Oak ecosystems in the Pacific Northwest are highly biodiverse and host more than 300 vertebrate species; yet a significant proportion of historic oak ecosystems in the region have been lost, and most remaining habitat is in a degraded state. Songbirds that are closely associated with oak ecosystems have experienced concerning declines, which is one of the reasons why research and restoration in oak habitats are priorities in our region.
Contact: Jaime Stephens, firstname.lastname@example.org, (541) 944-2890 or
John Alexander, email@example.com, (541) 890-7076
A document authored by Klamath Bird Observatory and Lomakatsi Restoration Project provides guidance for private landowners interested in implementing oak habitat restoration on their land. The document, entitled Restoring Oak Habitats in Southern Oregon and Northern California: A Guide for Private Landowners, emerged from a collaborative project involving a suite of private and public conservation partners, including the Bureau of Land Management (Medford District), US Fish and Wildlife Service’s Partners for Fish and Wildlife Program, Natural Resources Conservation Service, Klamath Basin Audubon Society, Oregon State University, American Bird Conservancy, and Klamath Siskiyou Oak Network.
Historically oaks were widespread throughout the valleys and foothills of Oregon and California. However, the arrival of Europeans to the region in the mid-1800s marked the beginning of a period of decline for oak habitats and their associated wildlife. Many oak woodlands were converted for agricultural uses or urban development, and decades of fire suppression during the latter half of the 20th century has allowed less fire-resistant yet faster growing tree species, such as Douglas-fir, to encroach upon and displace oaks. Now, the majority of remaining oak habitats occur on private lands. Private landowners are thus presented with an opportunity to restore healthy, wildlife-rich oak ecosystems to the landscape and thereby leave a valuable legacy for future generations.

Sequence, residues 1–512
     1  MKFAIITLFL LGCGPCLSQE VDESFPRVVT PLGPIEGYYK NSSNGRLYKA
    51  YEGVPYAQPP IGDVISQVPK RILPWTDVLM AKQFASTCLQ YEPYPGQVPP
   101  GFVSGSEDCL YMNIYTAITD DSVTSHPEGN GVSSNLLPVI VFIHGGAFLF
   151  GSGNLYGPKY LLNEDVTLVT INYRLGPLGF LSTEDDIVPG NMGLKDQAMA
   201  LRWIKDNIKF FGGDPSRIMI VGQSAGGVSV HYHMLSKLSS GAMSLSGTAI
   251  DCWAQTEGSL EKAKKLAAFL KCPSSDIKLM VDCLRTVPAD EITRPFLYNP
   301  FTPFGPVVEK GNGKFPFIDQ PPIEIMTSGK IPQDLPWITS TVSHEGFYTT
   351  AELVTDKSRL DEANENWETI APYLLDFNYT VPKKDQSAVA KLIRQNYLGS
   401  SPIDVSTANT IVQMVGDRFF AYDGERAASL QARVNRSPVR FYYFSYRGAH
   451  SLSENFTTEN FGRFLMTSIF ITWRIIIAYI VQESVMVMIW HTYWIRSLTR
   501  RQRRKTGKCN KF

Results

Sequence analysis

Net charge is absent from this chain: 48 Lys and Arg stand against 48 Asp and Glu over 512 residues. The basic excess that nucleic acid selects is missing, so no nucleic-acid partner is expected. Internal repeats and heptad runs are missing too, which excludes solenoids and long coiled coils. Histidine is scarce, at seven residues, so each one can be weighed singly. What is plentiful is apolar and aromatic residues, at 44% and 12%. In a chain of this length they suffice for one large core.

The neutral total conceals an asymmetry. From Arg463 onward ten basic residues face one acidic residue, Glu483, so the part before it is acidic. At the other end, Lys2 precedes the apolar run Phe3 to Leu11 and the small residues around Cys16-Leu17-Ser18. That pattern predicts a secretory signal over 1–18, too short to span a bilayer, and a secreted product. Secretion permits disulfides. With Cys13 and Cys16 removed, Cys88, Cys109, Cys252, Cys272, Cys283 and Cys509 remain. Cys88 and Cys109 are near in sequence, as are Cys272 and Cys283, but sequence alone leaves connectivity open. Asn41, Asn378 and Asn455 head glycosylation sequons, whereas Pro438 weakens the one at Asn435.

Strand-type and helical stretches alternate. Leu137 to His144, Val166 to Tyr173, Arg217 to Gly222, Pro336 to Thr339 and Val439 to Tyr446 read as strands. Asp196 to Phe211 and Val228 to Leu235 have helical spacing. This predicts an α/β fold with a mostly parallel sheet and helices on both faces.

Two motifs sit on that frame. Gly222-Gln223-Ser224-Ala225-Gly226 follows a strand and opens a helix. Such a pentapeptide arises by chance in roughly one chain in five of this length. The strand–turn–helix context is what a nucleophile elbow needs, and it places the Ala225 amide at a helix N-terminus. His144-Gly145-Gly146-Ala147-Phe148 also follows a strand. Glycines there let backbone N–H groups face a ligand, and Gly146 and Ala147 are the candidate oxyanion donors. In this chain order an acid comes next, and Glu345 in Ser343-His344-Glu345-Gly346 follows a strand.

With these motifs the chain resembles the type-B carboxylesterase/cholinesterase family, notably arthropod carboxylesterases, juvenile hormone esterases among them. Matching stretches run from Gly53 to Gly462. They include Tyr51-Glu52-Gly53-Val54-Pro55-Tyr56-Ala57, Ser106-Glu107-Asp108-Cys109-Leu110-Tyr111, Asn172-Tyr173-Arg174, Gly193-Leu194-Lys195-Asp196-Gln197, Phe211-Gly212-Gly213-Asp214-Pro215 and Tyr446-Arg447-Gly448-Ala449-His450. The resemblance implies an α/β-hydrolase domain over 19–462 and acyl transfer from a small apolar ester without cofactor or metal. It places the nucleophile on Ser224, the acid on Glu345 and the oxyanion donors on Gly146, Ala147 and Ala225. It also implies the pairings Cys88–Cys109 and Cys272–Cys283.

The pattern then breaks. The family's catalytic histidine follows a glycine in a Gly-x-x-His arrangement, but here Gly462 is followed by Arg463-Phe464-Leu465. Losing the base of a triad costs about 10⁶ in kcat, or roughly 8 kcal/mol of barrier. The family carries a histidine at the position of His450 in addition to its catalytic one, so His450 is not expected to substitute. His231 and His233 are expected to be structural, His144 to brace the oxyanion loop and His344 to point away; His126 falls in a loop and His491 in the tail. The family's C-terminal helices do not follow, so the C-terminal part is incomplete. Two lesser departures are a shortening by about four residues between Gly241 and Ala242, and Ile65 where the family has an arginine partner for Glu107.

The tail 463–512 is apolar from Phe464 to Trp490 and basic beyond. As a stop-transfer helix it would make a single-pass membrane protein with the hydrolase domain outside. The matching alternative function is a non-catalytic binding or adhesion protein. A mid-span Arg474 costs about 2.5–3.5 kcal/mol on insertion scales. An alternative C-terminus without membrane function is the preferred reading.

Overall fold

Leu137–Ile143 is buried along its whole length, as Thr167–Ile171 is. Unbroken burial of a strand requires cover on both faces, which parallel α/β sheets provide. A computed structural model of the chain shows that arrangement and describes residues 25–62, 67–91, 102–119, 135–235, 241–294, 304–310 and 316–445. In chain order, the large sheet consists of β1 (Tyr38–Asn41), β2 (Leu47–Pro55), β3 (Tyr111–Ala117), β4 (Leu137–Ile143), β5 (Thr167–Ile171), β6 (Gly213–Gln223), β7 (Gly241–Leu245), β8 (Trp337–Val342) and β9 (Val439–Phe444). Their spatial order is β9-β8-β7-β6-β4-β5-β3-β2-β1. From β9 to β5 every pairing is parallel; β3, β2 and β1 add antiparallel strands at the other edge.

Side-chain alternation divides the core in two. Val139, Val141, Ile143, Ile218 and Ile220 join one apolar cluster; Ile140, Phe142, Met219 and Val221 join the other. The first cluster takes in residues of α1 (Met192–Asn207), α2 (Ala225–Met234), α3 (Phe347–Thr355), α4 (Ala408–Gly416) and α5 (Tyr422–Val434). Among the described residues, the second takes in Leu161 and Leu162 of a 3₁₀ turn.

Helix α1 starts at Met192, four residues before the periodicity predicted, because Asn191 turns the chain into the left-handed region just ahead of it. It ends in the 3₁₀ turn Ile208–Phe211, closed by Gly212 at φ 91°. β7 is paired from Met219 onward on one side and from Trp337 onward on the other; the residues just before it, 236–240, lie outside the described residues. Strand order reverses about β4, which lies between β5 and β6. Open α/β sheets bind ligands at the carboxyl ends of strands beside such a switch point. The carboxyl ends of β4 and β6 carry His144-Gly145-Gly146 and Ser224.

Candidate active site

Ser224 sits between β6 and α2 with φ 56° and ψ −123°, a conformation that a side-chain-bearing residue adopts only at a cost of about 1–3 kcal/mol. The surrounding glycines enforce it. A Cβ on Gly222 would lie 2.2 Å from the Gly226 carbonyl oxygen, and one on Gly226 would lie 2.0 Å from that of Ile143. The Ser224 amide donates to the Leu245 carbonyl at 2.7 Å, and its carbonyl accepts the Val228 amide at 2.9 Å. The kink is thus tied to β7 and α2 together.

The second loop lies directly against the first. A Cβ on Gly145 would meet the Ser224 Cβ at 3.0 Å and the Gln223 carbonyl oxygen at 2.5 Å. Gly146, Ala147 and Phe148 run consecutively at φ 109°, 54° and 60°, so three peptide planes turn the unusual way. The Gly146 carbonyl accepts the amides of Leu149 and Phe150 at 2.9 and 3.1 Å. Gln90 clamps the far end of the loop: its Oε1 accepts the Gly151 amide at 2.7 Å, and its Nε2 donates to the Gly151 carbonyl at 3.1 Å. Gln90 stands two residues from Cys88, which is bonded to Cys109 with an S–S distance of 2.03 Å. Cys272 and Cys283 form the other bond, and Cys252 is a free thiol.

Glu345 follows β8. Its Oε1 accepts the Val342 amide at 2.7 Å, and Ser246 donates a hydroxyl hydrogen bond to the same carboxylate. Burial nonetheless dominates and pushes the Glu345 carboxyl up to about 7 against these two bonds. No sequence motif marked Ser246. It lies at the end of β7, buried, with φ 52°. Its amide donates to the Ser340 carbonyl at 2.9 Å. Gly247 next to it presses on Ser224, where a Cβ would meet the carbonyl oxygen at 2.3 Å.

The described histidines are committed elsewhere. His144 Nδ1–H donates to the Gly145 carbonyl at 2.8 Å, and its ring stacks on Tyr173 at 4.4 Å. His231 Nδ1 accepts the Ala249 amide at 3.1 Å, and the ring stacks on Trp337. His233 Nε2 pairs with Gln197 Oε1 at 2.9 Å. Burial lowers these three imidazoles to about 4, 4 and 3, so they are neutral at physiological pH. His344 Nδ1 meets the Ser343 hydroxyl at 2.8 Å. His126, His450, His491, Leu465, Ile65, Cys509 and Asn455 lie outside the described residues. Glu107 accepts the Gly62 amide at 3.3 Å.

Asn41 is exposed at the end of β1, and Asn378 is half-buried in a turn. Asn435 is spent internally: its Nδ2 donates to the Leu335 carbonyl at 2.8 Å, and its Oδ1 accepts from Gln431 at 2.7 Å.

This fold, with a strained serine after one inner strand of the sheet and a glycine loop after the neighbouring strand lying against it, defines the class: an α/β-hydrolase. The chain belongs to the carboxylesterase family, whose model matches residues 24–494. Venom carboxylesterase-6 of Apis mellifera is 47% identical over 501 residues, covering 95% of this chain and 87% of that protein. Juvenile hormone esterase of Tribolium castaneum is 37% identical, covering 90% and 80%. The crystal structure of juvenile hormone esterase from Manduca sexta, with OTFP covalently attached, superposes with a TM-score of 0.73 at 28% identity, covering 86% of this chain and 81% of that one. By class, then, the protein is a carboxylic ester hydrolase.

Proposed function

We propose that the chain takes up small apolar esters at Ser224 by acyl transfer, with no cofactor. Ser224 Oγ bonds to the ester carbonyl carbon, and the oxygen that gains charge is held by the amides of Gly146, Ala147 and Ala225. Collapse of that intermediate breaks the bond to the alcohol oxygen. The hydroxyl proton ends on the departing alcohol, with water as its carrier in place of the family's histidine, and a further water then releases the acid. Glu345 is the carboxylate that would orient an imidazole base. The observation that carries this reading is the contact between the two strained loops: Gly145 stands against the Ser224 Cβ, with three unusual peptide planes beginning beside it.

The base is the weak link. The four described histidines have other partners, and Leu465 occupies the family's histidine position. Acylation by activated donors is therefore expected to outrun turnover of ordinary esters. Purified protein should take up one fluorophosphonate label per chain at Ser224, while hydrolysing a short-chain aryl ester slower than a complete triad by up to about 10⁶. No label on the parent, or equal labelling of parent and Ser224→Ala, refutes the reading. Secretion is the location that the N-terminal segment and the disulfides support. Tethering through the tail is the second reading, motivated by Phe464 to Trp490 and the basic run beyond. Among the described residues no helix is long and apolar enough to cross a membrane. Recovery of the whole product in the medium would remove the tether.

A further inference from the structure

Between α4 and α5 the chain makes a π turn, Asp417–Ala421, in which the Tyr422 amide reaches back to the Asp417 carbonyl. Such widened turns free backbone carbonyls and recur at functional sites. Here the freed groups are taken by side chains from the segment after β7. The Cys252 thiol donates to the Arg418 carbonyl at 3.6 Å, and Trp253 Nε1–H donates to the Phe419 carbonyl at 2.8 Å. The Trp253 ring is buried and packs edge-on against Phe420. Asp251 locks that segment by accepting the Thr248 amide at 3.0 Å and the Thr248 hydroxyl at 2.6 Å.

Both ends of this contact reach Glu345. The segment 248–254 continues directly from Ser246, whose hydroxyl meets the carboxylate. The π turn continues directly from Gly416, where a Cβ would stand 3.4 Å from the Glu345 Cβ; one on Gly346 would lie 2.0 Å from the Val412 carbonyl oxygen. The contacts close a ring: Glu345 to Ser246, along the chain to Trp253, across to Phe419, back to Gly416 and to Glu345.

The new landowner guide focuses on conservation practices for Oregon white oak and California black oak habitats. The document begins with an overview of the importance and history of oak habitats and then provides life history information for the oak species of the region. The guide next provides detailed oak restoration guidelines for achieving desired conditions in oak stands, such as diverse habitat structures, large oak trees, and the presence of snags, downed wood native shrubs and perennial grasses. The guide also includes supplemental resources for private landowners, including a list of organizations that will assist with private lands restoration as well as step-by-step instructions for monitoring birds to track the return of native wildlife following oak restoration activities.
This accessible, attractive, and informative guide is available for free download on the Klamath Bird Observatory website (click here). Funding for this project came from the Medford District of the Bureau of Land Management, a Toyota TogetherGreen grant managed by Klamath Basin Audubon Society, and the Rural Schools and Community Development Act.